What will Tesla's response be?
Well-known Tesla hater, The Dawn Project, has ramped up its efforts to ban Tesla's Full Self-Driving (FSD) by buying a 30-second slot during Super Bowl LVII. Since the Super Bowl draws one of the biggest crowds in the USA, the average cost of a 30-second slot in 2023 was estimated to be $6-7 million, not including the production cost of said ad.
The Dawn Project's spot isn't as smart or high-budget as the General Motors and Will Ferrell collaboration. In fact, the production value is quite poor, but it gets to the point within a second. "Tesla Full Self-Driving will run down a child in a school crosswalk," the narrator says, with accompanying footage of a child-sized dummy getting pummeled by a Model 3.
From there, it mentions cars moving into oncoming lanes, running down babies, going straight past stopped school buses, and a host of other accusations.
According to The Dawn Project, Tesla's FSD is endangering the public with deceptive marketing and "woefully inept engineering." The ad also claims that 90% of people agree that it should be banned immediately. Unfortunately, no source for these claims was provided, which is why CarBuzz did a bit of digging.
The 90% figure relates to a study done by Ocean State Research on The Dawn Project's behalf. The organization surveyed 1,021 registered voters in New York and put forth one question: "A Full Self-Driving car that would run over a child in a crosswalk must be banned from our public roads. Do you agree or disagree?"
Naturally, 90% agreed. Not exactly a fair question, is it?
The question above is extremely specific, especially since it unequivocally states that the car will run a child down. Anybody in their right mind would agree that such a system should be banned, but the ad makes it seem like 90% of people agree that Full Self-Driving, in general, should be banned. The 30-second spot also fails to provide evidence that Full Self-Driving was engaged when the mannequin was run down.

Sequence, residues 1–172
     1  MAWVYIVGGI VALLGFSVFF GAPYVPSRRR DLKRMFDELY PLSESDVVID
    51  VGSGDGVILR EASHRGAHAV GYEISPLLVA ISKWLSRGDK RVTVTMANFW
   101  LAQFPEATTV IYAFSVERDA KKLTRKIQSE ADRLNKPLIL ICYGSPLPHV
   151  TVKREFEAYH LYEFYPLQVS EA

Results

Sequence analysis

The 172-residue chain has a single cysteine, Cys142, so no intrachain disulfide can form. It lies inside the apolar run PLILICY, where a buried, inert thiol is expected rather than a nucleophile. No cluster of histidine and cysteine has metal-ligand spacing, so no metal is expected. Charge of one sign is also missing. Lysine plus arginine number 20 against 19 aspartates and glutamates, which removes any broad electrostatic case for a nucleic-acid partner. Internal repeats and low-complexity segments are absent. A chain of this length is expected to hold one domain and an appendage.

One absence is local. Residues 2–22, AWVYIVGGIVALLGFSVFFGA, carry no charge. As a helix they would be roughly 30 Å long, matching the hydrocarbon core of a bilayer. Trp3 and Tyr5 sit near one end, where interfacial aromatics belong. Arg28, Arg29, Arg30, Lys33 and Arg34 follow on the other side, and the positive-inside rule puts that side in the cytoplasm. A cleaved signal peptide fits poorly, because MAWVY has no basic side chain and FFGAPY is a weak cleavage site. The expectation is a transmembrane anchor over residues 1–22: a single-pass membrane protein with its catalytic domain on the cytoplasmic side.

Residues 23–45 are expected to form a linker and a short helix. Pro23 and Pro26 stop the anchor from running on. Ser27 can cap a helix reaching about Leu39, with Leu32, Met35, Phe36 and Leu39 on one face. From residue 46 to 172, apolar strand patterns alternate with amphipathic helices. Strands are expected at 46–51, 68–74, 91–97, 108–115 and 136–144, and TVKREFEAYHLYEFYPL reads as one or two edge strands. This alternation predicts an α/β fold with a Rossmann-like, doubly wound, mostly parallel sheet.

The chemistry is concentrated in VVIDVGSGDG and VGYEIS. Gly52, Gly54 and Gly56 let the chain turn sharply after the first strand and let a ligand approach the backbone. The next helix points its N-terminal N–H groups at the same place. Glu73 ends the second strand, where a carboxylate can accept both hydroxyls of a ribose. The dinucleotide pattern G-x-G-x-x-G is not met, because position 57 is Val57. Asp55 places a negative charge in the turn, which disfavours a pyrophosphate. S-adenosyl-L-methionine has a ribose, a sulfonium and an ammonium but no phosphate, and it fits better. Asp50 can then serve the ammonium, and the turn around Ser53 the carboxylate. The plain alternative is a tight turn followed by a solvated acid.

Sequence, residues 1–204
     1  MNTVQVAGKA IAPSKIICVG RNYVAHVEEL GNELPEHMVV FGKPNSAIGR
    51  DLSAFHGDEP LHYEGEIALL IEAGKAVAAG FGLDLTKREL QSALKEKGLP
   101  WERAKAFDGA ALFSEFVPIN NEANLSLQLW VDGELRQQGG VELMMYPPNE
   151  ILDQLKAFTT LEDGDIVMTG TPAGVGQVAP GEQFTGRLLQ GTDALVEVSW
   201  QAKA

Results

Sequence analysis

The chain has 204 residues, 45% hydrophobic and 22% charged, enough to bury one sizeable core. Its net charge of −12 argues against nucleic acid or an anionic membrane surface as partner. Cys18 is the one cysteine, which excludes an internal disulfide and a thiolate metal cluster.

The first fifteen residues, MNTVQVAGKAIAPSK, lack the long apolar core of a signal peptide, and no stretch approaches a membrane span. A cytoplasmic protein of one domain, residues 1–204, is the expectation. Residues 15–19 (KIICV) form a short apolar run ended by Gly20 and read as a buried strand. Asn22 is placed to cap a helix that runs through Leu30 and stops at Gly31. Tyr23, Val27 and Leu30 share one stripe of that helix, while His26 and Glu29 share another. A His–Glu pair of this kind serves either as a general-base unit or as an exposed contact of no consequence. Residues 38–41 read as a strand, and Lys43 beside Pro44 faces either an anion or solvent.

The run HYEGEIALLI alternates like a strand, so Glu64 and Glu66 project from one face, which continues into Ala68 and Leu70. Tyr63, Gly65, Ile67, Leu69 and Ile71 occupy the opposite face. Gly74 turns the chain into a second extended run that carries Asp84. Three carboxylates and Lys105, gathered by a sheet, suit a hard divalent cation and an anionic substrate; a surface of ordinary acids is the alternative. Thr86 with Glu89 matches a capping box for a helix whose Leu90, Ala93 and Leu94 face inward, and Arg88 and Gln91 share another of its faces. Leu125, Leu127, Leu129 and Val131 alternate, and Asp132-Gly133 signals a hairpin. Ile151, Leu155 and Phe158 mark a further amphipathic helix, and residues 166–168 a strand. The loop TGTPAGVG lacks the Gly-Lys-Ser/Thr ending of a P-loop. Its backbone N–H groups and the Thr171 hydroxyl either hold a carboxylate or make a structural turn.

The Dawn Project conducted a series of its own safety tests with Teslas throughout 2022, but again, without evidence that the tests are as fair and objective as those that a government agency would conduct. The interior and exterior footage missing from the Super Bowl ad can easily be found on its website.
Regardless, this is just another instance of The Dawn Project and its founder Dan O'Dowd continuing their war with Tesla. Last year, they paid $150,000 for a full-page ad in the New York Times, telling Americans not to be Tesla's crash test dummies. That was in November 2022, and then they went fairly quiet.
We assumed O'Dowd decided to back off after Tesla sent a cease-and-desist following a huge spat that went viral after the organization launched a nationwide TV ad campaign showing supposedly self-driving Teslas plowing kids down. Tesla's ardent fanbase even put the lives of their own kids on the line, and eventually, the NHTSA had to intervene.
It's now clear that O'Dowd and The Dawn Project spent the rest of 2022 collecting more evidence against Tesla to make a big splash during the biggest TV event in America. This follows shortly after California banned Tesla from calling the system Full Self-Driving because the name is misleading.
O'Dowd might also have felt it was necessary as Full Self-Driving Beta is now available to all North American customers.
While we question The Dawn Project's methods, there should be no doubt that Tesla's so-called self-driving system ought to be thoroughly tested before being rolled out on the roads freely, especially since so many users abuse the system.
Dan O'Dowd started making a name for himself in April 2022 when he made a senate run in California based on hating Tesla. His entire campaign was based on hating Tesla and not being serious about becoming a Senator.
O'Down apparently has billions in the bank and advocates for safer autonomous driving systems. He's also the founder and CEO of Green Hills Software, a direct rival to Tesla in the automated driving space. Green Hills Software only works on autonomous software, but it's hard to ignore the conflict of interest here.
"This isn't about competition; it's about keeping our families and our communities safe from defective software that simply doesn't work," O'Dowd stated in April 2022.
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